Professor David Britton
Professor
English Literature & Creative Writing
Telephone: (01792) 602564
Room: Office - 238
Second Floor
Keir Hardie Building
Singleton Campus

D.J. Britton is an award-winning dramatist, director and dramaturg. He was formerly National Executive Producer heading the Australian Broadcasting Corporation’s radio drama department, and is now the Drama specialist on the Creative Writing Programme in the English Department at Swansea University.

Since the success of his first Australian stage play Landlovers in 1987, David Britton has written many dramatic works for theatre, radio and the visual media. Australian stage credits include Cargo (Swan Gold Award, Play of the Year) and his co-adaptation of Elizabeth Jolley’s The Newspaper of Claremont Street. His epic theatre work Plainsong was a major hit at the Millennium Perth International Festival of the Arts, winning the 2001 Equity Award for Production of the Year. Review comments include:

"Britton has written a stimulating celebration of humankind’s monumental struggle with fear…a triumph of imagination." - Dr Geoffrey Gibbs in The West Australian.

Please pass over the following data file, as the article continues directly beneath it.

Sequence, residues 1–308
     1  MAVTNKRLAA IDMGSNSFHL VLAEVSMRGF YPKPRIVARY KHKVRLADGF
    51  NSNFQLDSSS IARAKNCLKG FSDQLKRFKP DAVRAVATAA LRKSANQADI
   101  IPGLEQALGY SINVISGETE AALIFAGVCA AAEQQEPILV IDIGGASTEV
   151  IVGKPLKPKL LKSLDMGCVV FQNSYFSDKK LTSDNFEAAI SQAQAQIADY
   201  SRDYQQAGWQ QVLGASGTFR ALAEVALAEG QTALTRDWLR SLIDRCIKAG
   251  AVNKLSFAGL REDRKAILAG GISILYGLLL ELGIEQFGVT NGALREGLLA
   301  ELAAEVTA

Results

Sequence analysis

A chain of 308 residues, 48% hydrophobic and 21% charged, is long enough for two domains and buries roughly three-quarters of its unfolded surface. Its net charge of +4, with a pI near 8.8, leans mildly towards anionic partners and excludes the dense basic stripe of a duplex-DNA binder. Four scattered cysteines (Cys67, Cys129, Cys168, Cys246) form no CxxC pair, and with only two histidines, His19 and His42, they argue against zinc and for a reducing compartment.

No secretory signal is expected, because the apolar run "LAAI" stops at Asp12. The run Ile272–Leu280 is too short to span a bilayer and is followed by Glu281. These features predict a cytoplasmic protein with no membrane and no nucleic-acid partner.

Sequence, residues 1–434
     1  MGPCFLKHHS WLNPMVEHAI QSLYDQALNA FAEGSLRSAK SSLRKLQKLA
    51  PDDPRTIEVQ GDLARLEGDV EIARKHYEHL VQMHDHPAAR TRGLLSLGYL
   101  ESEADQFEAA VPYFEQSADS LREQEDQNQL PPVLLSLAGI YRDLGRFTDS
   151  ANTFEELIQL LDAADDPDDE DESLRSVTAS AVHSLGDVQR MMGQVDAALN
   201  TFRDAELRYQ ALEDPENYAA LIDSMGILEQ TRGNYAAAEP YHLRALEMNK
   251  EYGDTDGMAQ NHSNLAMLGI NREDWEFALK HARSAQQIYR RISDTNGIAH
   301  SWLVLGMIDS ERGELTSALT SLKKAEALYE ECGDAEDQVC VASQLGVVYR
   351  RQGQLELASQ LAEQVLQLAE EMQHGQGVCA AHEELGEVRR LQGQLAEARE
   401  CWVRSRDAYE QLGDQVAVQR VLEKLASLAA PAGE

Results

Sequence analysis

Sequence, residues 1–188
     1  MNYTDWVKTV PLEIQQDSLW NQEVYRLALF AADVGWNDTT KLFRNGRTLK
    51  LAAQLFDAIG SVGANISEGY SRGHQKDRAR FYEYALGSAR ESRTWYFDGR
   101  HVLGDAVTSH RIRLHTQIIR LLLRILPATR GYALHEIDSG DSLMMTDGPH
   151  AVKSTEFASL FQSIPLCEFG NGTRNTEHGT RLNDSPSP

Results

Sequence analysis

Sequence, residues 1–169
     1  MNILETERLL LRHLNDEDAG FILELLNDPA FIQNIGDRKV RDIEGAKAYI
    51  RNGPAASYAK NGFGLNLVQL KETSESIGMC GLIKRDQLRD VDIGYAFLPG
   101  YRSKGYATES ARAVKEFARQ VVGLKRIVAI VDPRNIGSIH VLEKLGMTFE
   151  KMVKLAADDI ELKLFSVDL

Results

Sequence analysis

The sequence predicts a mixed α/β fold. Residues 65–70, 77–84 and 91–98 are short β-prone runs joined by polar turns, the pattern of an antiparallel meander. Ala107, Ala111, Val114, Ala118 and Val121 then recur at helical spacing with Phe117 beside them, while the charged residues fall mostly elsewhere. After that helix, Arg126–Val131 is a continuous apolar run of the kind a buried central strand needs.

"Astonishingly, in just under three hours, the production creates a real sense of community, mingling contemporary politics with eternal concerns….blossoming into a larger vision of how great art and great spiritual myths are part of what makes us all human. A must-see triumph" - Dr Gareth Griffiths in The Australian

Publications

  1. (2011). The Wizard the Goat and the Man Who Won the War . See other details: Play script.
  2. (2010). Oedipus/Antigone. London: Methuen / Bloomsbury.

See more...

Teaching

  • EN-236 Introduction to Writing Drama

    This lecture/workshop module leads the student through theory and practice of the main areas of naturalistic theatre, with a short introduction to non-naturalistic theatre. Regular assignments will be set, and these will be brought to the workshop to be presented and considered. The module considers the relationship between writer, play, actors and audience. It examines methods of structuring material so as to reinforce curiosity and create empathy and suspense, and explores issues of character and dialogue. Emphasis will be placed throughout on the practicalities of the creation of a performance script.

  • EN-3026 Creative Writing Personal Project

    Students taking this module must submit a portfolio of creative writing of between 7-8,000 words in any genre, subject to Departmental approval. The Personal Project is an independent study module for which each student will receive 5 hours of individual or group supervision. Supervisions will take place at regular intervals with set targets, and will primarily involve feedback on the style and structure of the submission.

  • EN-M35 Genre: Writing for the Stage